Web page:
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Do Hemangiomas Go Away?

Reviewed on 12/2/2020
Hemangiomas are one of the most common tumors that develop in infants.
Hemangiomas are one of the most common tumors that develop in infants.

Hemangiomas are one of the most common tumors that develop in infants. They are most often present from birth or appear within the first few weeks after birth. They grow only for a certain duration and usually go away on their own.

Hemangiomas are the noncancerous overgrowth of blood vessels that look like some colored patches or bumps on the skin. Though they can appear anywhere over the body, they are most commonly found over the face and the scalp followed by the neck.

The hemangiomas can also be present in

Most of the infantile hemangioma shrinks by the age of 4 years. However, scarring left by hemangioma persists in almost half of the children affected by it.

What causes the hemangiomas to develop is unknown. However, premature babies or babies with low birth weight have more chances to develop it.

What are the signs and symptoms of hemangiomas?

Hemangiomas of the skin initially appear as small red bumps. Gradually, as the blood vessels multiply further, the hemangiomas look like big, burgundy-colored bumps. Their resemblance to the deep red color of strawberry has given them the name of strawberry hemangiomas.

Hemangiomas generally do not produce any symptoms unless they are multiple or located in a sensitive area, such as near the eye.

Hemangiomas that grow in the internal organs, such as the liver and other organs of the digestive system, can cause problems like:

How are hemangiomas diagnosed?

Most hemangiomas do not need any special tests for their diagnosis. Doctors diagnose them by just looking at them and knowing their history.

To know the details of the skin hemangioma, the doctor may order an ultrasound. Suspicion of head and neck hemangiomas may need magnetic resonance imaging (MRI) to confirm the diagnosis.

What is the treatment for hemangioma?

Doctors generally recommend observing the hemangiomas as most of them subside on their own without any treatment. This requires a few follow-ups with the doctor. Only if the hemangiomas are multiple or cause vision problems, such as hemangiomas near the eye, treatment will be required.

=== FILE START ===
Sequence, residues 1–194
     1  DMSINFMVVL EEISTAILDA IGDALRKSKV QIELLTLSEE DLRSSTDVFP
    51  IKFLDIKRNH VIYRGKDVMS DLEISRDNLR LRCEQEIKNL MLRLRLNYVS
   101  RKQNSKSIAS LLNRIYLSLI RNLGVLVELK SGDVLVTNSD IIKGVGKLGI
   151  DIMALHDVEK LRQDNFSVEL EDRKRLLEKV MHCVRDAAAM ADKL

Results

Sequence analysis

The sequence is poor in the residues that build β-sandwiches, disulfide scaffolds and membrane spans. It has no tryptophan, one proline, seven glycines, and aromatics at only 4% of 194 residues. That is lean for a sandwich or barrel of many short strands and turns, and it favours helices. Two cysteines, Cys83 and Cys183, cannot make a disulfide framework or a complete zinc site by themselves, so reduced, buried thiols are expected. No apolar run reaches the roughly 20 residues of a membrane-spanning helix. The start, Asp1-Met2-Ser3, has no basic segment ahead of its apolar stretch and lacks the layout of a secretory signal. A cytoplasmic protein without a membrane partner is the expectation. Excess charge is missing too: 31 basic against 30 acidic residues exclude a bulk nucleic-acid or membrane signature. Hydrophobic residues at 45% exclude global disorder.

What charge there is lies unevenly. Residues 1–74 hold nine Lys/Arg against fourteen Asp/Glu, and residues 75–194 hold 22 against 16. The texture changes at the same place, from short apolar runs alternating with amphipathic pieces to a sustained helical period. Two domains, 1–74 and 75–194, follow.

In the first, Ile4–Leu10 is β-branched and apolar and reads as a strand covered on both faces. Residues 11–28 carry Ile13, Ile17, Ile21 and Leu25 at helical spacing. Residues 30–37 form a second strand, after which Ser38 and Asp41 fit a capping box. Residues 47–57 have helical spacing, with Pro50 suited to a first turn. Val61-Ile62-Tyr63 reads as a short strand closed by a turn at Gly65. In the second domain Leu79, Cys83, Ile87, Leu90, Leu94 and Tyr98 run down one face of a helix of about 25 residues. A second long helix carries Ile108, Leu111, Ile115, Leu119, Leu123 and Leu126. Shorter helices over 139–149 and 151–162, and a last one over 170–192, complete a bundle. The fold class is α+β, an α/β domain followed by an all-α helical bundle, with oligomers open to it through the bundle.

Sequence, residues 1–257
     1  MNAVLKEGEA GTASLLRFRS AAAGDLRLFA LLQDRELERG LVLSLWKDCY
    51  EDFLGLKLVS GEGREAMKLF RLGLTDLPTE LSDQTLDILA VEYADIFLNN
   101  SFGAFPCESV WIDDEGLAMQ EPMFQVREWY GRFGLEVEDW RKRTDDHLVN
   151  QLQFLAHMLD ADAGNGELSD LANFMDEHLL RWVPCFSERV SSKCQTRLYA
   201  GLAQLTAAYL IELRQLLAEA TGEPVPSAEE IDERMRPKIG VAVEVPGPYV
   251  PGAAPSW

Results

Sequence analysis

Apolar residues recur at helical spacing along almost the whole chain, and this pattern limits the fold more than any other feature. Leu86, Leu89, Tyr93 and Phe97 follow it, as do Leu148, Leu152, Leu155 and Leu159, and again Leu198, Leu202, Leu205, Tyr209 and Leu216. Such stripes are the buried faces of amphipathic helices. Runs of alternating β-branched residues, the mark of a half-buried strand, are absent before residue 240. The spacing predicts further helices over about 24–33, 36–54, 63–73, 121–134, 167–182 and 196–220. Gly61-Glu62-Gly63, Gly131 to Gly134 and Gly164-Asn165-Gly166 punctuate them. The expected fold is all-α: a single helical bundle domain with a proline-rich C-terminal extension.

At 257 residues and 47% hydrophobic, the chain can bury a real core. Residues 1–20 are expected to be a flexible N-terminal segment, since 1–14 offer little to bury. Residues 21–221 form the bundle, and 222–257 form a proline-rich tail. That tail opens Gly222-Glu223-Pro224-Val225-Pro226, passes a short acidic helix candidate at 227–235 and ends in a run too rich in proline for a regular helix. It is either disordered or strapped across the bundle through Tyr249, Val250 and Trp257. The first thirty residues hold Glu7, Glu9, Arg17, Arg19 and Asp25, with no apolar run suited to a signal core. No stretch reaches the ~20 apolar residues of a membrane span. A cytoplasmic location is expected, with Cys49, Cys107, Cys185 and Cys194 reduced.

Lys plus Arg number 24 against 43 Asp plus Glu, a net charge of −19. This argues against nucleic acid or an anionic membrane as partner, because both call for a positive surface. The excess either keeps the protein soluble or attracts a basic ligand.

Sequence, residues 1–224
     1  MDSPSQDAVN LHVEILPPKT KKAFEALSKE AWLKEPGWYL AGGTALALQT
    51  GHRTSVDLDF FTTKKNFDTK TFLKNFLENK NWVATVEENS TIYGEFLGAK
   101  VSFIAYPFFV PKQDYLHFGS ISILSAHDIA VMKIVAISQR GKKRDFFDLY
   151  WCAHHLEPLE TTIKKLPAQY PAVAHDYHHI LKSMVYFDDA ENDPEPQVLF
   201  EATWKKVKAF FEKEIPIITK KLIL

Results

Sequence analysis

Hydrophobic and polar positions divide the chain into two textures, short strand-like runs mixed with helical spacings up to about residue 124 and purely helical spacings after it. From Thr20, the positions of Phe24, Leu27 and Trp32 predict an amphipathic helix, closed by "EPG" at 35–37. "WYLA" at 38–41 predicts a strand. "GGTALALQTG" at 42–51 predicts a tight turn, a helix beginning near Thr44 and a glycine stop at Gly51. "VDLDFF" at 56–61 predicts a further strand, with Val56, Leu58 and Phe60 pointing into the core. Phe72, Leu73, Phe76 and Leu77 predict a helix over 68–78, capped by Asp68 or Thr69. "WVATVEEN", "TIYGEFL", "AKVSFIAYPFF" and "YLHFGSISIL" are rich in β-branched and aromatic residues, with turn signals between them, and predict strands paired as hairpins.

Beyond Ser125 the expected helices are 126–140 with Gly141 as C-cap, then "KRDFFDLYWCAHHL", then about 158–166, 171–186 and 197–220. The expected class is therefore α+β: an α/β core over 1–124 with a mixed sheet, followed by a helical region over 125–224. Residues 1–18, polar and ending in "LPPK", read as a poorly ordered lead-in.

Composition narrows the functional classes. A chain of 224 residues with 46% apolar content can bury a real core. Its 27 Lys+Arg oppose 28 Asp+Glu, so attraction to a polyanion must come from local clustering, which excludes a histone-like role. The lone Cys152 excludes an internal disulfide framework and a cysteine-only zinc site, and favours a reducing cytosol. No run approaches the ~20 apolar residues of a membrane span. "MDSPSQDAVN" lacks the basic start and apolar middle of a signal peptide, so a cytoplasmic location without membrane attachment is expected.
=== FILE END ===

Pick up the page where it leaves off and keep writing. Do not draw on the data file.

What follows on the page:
• Beta-blocker drugs: Small, superficial hemangiomas can be treated with the local application of timolol gel or timolol drops. Another beta-blocker, propranolol (available as a liquid) can also be given by mouth to shrink the hemangioma if the local gel does not work.
  • Steroids: This is the second line of therapy for patients who do not respond to beta-blocker drugs. Steroids can be injected into the hemangioma.
  • Laser therapy: Laser therapy is another option to remove the hemangioma or treat the scars.
  • Surgery: Hemangiomas in the internal organs of the body require surgery if they grow large or become painful.

What are the complications of hemangioma?

Complications of hemangioma are rare. A possible complication is ulcer formation. This ulcer can bleed or cause infection.

Hemangiomas located in the internal organs, such as the lungs, can cause difficulty in breathing. Hemangiomas in the brain may cause headache and neurological disturbances and hemangiomas in the eye can cause vision disturbances.

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References
Antaya RJ. Infantile Hemangioma. Medscape. https://emedicine.medscape.com/article/1083849-overview

Mayoclinic. Hemangioma. https://www.mayoclinic.org/diseases-conditions/hemangioma/symptoms-causes/syc-20352334

John Hopkins Medicine. Infantile Hemangioma. https://www.hopkinsmedicine.org/health/conditions-and-diseases/infantile-hemangioma

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